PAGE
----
“This is not a demographic that is going to revitalize Springfield or any community in Clark County,” Salvi said. “As soon as you institute these types of things, it will draw more illegal aliens, and they won’t have PhDs. They are largely uneducated. How is this going to help the economy of Springfield?”

Unlike the controversial Welcome Dayton initiative, which brands Dayton as an immigrant-friendly city and started as a government movement, Ruby hopes will thrive through funding received from grants and donations.

“ … We are seeking to build a strong alliance with city and county government officials, because this can’t succeed without it,” he said.

He also knows the initiative also can’t succeed without funding.

“I think they’ll buy into it, because there’s a lot of common sense involved,” said Ruby of prospective supporters. “It’s also very broad-based, so it will appeal to a lot of groups.” initiative would provide services involving economic development, justice, health and well-being, culture and arts, and education. Ruby already has a partner in the educational component.

Wright State University will make the effort research-based, Ruby said.

“We’re trying to set up for the future,” said Tony Ortiz, president of the initiative’s board, who was named Associate Vice President for Latino Affairs at Wright State University in October. Ortiz serves on Gov. John Kasich’s Commission on Hispanic/Latino Affairs and with the Ohio Commission of Hispanic Latino Affairs and is past president of the League of United Latin American Citizens.

As changes in the immigration law come about, “We want be prepared to meet the needs of the people who are here already and those who can and will come,” Ortiz said. “They are out there and they have a lot to offer.”

Wright State seeks innovation, Ortiz said, and connects people with needs to the school’s resources.

“We want to do research on best practices. We have a group of folks who are very interested in this kind of research,” he said. “But my stand on immigration is mine, not the university’s.”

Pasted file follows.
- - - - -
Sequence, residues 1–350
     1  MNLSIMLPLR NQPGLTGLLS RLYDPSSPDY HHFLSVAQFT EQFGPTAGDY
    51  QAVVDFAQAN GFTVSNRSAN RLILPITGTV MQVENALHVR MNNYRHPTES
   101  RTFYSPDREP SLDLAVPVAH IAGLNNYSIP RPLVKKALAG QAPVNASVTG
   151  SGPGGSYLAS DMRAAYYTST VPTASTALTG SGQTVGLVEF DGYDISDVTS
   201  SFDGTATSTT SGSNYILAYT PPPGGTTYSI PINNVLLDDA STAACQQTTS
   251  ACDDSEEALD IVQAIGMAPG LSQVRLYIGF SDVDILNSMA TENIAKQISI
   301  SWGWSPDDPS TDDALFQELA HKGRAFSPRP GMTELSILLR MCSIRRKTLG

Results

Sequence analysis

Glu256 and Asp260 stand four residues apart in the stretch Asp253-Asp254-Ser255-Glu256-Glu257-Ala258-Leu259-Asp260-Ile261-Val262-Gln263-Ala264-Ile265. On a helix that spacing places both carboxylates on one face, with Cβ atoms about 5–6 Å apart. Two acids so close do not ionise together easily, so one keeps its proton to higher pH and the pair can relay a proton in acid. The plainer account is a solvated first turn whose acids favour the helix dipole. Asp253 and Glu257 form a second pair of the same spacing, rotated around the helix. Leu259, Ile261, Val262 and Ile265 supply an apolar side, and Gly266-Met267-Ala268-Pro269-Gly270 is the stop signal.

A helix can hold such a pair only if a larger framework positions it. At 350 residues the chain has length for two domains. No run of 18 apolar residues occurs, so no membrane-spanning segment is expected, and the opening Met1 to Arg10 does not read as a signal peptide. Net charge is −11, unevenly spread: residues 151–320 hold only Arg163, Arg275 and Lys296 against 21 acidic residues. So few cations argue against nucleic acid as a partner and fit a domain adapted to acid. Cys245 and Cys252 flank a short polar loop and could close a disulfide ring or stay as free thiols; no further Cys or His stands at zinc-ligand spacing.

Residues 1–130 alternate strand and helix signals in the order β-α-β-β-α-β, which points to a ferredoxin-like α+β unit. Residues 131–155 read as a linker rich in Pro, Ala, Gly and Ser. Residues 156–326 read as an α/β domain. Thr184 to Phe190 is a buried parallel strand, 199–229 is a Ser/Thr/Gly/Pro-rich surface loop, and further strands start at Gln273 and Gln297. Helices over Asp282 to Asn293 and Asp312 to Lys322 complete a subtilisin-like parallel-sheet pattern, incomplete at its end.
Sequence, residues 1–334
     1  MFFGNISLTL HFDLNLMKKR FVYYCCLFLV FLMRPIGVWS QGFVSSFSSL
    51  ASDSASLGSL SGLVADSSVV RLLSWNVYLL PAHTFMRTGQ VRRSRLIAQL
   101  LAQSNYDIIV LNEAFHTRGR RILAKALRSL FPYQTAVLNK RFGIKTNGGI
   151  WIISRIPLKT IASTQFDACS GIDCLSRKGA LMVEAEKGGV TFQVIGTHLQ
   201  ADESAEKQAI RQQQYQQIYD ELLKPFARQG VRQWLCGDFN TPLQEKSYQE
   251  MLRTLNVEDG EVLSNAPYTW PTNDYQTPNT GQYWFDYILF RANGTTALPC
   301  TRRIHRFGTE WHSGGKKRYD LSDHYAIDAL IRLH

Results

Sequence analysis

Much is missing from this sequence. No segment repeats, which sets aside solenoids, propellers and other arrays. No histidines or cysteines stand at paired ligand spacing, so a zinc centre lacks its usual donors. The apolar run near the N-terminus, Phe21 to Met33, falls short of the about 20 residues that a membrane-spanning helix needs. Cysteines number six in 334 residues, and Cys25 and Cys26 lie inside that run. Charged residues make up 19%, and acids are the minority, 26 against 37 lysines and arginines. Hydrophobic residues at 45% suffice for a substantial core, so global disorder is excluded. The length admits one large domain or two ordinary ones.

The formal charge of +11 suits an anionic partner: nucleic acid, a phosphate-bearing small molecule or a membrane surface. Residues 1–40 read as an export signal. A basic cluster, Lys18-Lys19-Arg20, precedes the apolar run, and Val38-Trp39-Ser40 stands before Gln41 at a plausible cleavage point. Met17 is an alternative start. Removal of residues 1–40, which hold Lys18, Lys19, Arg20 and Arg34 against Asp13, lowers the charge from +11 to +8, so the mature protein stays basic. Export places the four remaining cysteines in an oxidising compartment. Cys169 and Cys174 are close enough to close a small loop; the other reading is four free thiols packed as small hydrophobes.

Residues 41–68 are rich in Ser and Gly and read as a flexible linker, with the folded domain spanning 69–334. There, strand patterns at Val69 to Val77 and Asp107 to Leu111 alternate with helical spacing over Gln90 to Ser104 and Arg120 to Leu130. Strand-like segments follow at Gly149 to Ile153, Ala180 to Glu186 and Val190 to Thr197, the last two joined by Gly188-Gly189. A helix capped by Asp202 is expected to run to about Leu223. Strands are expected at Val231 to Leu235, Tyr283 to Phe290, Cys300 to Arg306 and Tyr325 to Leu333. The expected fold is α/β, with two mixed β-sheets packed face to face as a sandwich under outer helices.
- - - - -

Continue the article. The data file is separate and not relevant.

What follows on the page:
Ruby sees the initiative as a part of a regional effort.

“What we’re attempting to do is to establish a reputation in this region as being one of the most proactive in trying to attract the type of businesses that attract immigrants and enable them to succeed,” he said. “If they work hard, they deserve to take a shot at the American dream.”

Ruby has spoken with many Clark County leaders about the initiative.

Among them is Clark County Commissioner John Detrick.

“Throughout the history of Clark County, we’d had growth through immigration, whether it was the Irish coming in or the Germans coming in,” said Detrick. “This is the avenue for a community to stay healthy, by attracting immigrants, and this program sounds really exciting.

“That’s what you have to do, think out of box,” he continued. “The main issue in Clark County is a slightly declining population. I’ve been wrestling with it for 18 years. This is one way to address it, and the other way is jobs. And immigrants will come here if we have jobs.”

Springfield City Manager Jim Bodenmiller said he will watch developments closely.

“I think what Carl is trying to do is something that could be helpful in our community,” he said. “I’ve seen other cities work with immigrants, a lot of whom have an entrepreneurial outlook, and it has brought new businesses to those cities.

Bodenmiller said he thinks the initiative can be successful. “I just think of some our local people who came over or whose parents came over, and they are some of the most successful people in our community. Jim Lagos for example; his is a pretty neat family story,” he said.

Springfield Mayor Warren Copeland knows a problem exists here.

“One of my concerns is that we need to find out a way to basically bring these folks out into the open instead of hiding in the shadows,” he said. “We have a number of folks who are here, and some are not here legally, and that is a problem.